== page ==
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Most LGBTQ Americans have experienced harassment, violence

A new survey found that a majority of LGBTQ people have experienced some form of harassment, discrimination, or violence during their lives.

The survey, which was conducted for an NPR series called “Discrimination in America,” included reports from over 3,000 U.S. adults age 18 or older who identify as lesbian, gay, bisexual, trans, or questioning.

The results confirm that most LGBTQ Americans have experienced multiple forms of discrimination.

“This report confirms the extraordinarily high levels of violence and harassment in LGBTQ people’s lives,” said Logan Casey, a deputy director of the survey. “It also shows the serious barriers to health care for LGBTQ and especially transgender people in America.”

Among the most startling numbers in the survey include 57 percent who say that they or an LGBTQ friend or family member have been harassed or threatened because of their identity.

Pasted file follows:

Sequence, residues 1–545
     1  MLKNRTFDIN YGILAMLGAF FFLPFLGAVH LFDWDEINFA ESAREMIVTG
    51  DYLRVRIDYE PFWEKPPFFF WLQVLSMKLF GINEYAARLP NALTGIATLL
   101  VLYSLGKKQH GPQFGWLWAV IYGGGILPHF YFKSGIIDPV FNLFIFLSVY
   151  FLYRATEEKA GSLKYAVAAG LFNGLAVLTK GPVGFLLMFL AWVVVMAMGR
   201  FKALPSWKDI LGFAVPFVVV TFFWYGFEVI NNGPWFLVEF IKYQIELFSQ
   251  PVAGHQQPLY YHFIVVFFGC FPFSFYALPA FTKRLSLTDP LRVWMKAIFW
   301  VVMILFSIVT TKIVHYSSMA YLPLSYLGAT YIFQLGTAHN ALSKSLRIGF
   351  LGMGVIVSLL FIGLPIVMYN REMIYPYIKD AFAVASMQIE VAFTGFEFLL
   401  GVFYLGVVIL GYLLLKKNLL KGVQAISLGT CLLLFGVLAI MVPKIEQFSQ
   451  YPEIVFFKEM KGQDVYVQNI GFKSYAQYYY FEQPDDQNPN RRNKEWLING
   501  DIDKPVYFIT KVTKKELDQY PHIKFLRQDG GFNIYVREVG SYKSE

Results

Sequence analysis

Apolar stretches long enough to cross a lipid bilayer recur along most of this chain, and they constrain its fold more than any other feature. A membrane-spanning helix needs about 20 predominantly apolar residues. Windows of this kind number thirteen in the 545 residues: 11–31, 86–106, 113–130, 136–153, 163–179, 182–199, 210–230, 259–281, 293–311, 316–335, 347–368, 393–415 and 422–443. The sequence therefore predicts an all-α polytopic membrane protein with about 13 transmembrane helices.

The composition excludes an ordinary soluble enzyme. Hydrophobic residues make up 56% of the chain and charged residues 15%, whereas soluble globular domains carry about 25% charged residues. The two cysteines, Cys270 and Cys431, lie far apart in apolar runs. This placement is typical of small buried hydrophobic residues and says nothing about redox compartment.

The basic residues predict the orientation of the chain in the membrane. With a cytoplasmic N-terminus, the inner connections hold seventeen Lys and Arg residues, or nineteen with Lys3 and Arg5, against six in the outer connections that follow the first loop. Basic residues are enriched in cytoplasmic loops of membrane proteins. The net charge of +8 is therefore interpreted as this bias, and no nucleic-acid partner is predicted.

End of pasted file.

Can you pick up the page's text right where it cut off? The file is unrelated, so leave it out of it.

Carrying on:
51 percent of LGBTQ people have experienced sexual harassment or violence.

Almost 1 in 5 of the people surveyed said they avoided medical care because they were worried about facing discrimination.

31 percent of all transgender people in the survey said they have no regular doctor or healthcare professional, with 22 percent currently uninsured.  

Another 22 percent report some form of discrimination in the workplace, and the same percent of people reported difficulties trying to rent an apartment or buy a house specifically because of their LGBTQ identity.

One in 5 LGBTQ Americans report that they were personally discriminated against while applying for or attending college.

One of the most troubling results of the survey was the discrimination members of the LGBTQ community faced when dealing with law enforcement. Almost one in six LGBTQ people say were discriminated against when talking with police officers.

Nearly 100 percent of the survey participants believe that there is discrimination against  members of the LGBTQ community, but there is a question of whether discriminatory laws and policy or if individual prejudice is the larger problem.

By Kay Vandette, Staff Writer

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